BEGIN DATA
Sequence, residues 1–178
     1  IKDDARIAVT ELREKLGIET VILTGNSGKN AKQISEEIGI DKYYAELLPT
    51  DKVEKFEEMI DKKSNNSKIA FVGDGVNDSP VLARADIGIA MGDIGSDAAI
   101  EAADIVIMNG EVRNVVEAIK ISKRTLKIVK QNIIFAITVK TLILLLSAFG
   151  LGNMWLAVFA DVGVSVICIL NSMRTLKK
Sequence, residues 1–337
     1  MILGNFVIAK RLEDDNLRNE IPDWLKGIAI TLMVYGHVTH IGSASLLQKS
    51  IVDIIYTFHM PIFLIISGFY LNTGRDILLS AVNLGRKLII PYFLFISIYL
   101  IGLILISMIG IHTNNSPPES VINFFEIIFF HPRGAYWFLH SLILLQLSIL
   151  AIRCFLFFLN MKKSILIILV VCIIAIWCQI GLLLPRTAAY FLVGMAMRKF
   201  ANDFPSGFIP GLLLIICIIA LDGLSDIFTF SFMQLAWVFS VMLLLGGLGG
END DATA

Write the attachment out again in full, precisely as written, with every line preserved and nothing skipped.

Sequence, residues 1–178
     1  IKDDARIAVT ELREKLGIET VILTGNSGKN AKQISEEIGI DKYYAELLPT
    51  DKVEKFEEMI DKKSNNSKIA FVGDGVNDSP VLARADIGIA MGDIGSDAAI
   101  EAADIVIMNG EVRNVVEAIK ISKRTLKIVK QNIIFAITVK TLILLLSAFG
   151  LGNMWLAVFA DVGVSVICIL NSMRTLKK
Sequence, residues 1–337
     1  MILGNFVIAK RLEDDNLRNE IPDWLKGIAI TLMVYGHVTH IGSASLLQKS
    51  IVDIIYTFHM PIFLIISGFY LNTGRDILLS AVNLGRKLII PYFLFISIYL
   101  IGLILISMIG IHTNNSPPES VINFFEIIFF HPRGAYWFLH SLILLQLSIL
   151  AIRCFLFFLN MKKSILIILV VCIIAIWCQI GLLLPRTAAY FLVGMAMRKF
   201  ANDFPSGFIP GLLLIICIIA LDGLSDIFTF SFMQLAWVFS VMLLLGGLGG